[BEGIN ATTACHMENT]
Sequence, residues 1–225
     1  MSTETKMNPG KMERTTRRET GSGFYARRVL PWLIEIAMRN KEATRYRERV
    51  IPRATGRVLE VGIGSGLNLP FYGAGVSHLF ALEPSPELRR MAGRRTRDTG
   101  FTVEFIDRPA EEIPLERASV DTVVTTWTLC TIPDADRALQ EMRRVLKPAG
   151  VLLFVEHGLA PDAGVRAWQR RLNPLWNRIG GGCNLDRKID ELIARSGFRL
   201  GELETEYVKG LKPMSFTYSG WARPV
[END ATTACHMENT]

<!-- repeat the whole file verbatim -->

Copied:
Sequence, residues 1–225
     1  MSTETKMNPG KMERTTRRET GSGFYARRVL PWLIEIAMRN KEATRYRERV
    51  IPRATGRVLE VGIGSGLNLP FYGAGVSHLF ALEPSPELRR MAGRRTRDTG
   101  FTVEFIDRPA EEIPLERASV DTVVTTWTLC TIPDADRALQ EMRRVLKPAG
   151  VLLFVEHGLA PDAGVRAWQR RLNPLWNRIG GGCNLDRKID ELIARSGFRL
   201  GELETEYVKG LKPMSFTYSG WARPV